Industry psychology March 2009
The 23rd Conference on Aircraft Finance and Commercial Aviation in February saw the usual gathering of industry pundits. Overall attendance appeared somewhat down on previous years as to be expected in the current environment although there were more airline representatives there than usual, no doubt trying to find sources of increasingly elusive funding. Given the current dire economic environment, the overall mood of the presentations (and indeed the audience) was a bit subdued, with the notable exception of the manufacturers, and got progressively more depressed as the event developed.
The conference included a poll of audience responses to various questions surrounding forecasts. (Incidentally, it is an intriguing element of human psychology that the respondents in these events get to learn the tenor of the questions and appear to adjust their responses accordingly.)
The ten questions were posed after a brief presentation highlighting current industry forecasts (e.g. from IATA) for traffic and profitability pointing to a $1bn operating profit for 2008 rising to a $3.9bn operating profit for the industry in 2009. Admittedly this increase is predicated on a recovery anticipated in the US industry (see last month’s Aviation Strategy) where the cuts in capacity introduced on the back of $140/bbl oil prices come into effect when demand and oil prices have slumped.
It was pointed out that the industry like all others is subject to the economic laws of supply and demand: supply is provided by the number of aircraft flying and the airlines available operate them; demand is represented by GDP and on a macro basis there is no price elasticity of demand for air travel but there is elasticity of income.
Also pointed out was the historic 40% slump in aircraft production rates in previous recessions (Steve Udvar–Hazy of ILFC is suggesting a similar downturn this time no matter what the manufacturers claim); and the level of parked aircraft in the downturn of 2001–02 when 12% of the world’s fleet was resting in the desert. Interestingly recent figures from Ascend show that 12% of the world’s operating aircraft fleet was once again parked at the end of 2008.
In the series of attached tables we show the results of the poll. The conclusions are that the audience was generally pessimistic but maintained some glimmer of hope. A majority believed that there would be no increase in the number of aircraft mothballed this year; that the values of short haul aircraft would only fall by 20% from the recent peak and yet that the manufacturers would continue at production rates less than 20% below the peak by 2012. Anomalously perhaps the majority also expected a fair current value of a short haul jet to have fallen by 25% by the end of the year.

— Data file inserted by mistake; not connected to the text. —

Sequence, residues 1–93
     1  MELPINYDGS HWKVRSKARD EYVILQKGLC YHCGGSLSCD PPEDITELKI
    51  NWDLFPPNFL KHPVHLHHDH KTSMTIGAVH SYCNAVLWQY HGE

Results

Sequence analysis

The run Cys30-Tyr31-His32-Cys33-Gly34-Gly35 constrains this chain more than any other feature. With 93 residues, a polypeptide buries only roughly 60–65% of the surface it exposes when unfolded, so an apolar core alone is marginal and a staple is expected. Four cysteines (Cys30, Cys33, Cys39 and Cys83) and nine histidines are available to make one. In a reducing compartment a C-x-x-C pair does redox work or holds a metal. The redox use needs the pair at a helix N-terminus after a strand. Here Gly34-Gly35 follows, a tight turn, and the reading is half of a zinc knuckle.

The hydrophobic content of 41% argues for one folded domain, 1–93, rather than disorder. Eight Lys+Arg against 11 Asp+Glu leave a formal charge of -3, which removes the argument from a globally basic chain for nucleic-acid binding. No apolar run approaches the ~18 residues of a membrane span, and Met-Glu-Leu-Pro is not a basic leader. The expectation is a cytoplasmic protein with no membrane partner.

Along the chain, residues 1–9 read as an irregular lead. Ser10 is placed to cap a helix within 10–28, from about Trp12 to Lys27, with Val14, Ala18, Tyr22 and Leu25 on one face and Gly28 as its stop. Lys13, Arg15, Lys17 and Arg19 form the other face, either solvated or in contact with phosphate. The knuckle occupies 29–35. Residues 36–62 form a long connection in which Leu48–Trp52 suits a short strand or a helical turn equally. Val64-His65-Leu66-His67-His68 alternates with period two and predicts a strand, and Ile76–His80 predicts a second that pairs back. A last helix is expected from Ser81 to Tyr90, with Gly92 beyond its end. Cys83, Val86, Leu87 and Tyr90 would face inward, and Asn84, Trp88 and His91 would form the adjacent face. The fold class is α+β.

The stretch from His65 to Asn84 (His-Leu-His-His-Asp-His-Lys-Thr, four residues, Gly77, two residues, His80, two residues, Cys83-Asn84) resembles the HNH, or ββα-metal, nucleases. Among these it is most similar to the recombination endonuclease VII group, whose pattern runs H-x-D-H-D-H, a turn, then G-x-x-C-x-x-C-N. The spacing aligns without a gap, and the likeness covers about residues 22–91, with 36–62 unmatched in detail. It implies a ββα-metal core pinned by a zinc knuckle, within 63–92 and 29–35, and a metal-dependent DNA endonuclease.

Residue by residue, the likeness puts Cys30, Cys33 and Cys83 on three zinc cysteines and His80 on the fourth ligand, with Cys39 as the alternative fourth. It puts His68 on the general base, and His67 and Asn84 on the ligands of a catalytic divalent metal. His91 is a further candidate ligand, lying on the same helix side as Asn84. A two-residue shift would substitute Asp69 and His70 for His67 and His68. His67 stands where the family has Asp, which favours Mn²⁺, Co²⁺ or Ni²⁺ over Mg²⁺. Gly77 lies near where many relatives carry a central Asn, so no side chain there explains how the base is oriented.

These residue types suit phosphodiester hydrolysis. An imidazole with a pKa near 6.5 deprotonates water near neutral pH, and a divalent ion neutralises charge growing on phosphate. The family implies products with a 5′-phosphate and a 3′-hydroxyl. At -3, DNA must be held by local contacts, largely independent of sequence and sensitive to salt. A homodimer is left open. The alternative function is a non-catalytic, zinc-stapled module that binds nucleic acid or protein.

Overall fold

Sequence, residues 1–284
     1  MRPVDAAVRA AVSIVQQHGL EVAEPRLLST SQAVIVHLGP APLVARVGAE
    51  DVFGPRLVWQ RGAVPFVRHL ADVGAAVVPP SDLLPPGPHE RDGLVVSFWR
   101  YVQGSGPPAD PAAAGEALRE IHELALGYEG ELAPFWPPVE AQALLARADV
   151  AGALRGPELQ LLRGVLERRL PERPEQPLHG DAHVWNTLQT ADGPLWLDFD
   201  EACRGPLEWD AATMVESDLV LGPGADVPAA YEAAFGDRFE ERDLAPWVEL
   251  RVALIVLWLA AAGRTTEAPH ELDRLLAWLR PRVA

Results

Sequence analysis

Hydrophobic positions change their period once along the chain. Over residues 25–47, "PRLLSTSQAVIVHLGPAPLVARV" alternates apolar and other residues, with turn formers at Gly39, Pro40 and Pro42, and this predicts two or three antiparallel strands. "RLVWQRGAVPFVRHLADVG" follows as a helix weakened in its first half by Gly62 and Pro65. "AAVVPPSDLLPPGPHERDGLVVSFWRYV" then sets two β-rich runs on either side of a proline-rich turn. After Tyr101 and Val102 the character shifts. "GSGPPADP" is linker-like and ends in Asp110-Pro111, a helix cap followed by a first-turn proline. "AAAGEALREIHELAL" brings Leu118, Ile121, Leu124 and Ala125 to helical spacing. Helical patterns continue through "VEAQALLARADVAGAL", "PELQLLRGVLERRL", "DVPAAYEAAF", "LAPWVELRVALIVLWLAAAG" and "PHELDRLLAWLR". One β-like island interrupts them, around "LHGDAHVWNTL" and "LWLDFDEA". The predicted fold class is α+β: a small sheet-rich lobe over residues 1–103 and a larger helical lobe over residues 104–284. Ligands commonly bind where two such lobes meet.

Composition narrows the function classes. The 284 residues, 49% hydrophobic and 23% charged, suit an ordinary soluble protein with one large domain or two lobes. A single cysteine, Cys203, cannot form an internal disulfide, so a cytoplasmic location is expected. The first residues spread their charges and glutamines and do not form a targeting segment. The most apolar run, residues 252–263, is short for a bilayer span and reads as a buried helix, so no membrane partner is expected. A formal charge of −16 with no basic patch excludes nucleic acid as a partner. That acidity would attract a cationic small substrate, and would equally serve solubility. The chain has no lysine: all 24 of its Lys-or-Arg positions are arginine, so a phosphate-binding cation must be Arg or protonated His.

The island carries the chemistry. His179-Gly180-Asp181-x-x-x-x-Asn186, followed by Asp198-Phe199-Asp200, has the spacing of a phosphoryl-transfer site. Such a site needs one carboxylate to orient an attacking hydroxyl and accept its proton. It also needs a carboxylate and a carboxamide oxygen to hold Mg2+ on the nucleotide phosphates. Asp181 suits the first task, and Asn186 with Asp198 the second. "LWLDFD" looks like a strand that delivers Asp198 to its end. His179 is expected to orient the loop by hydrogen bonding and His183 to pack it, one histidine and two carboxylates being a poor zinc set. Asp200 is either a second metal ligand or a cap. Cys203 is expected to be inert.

On the demand side the audience appeared more pessimistic, with the majority believing that IATA was being too optimistic and that passenger demand would fall by more than 4% this year with a sizeable minority expecting declines of over 6%. A third believed that industry revenues in 2009 would decline by more than 7.5% year on year.
It is hardly surprising therefore that industry operating profits this year were expected to fall into the red (with a reasonable minority expecting operating losses in excess of $10bn) even though this would represent an unprecedented negative operating margin (maybe they were thinking of net profits), and would put paid to any recovery in the US.
It has been widely reported that 30 airlines went bankrupt last year, mostly all relatively small carriers. The majority expected an increase in failures this year and a similar number of airlines receiving government aid.
Throughout the conference there was much discussion of the possible shape of this current global recession: V–shaped, Ushaped or (as one guru stated) swimming–pool- shaped (have we dived into the deep or the shallow end?)
Economist Anatole Kaletsky pointed out that this (as every) recession is different; but truly so in that unprecedented and divergent forces are in play that make forecasts from econometric models that rely on precedent to predict the future virtually impossible. Some 20% of the audience seemed to believe that industry revenues would return to the 2008 peak by 2010 (the 'V's?) and a 53% majority by 2011 (the 'U's?).
The consensus appeared to be that the world and the industry is in for a long difficult period. It is almost a truism to say that the top of the cycle is marked by people saying that this time is different and that it is going up forever. The converse is also valid but it always feels worse because fear is a more fundamental emotion than greed. Nevertheless at the polling session at last year’s conference the audience responses were patently too optimistic. We might hope that this time they are in the opposite direction.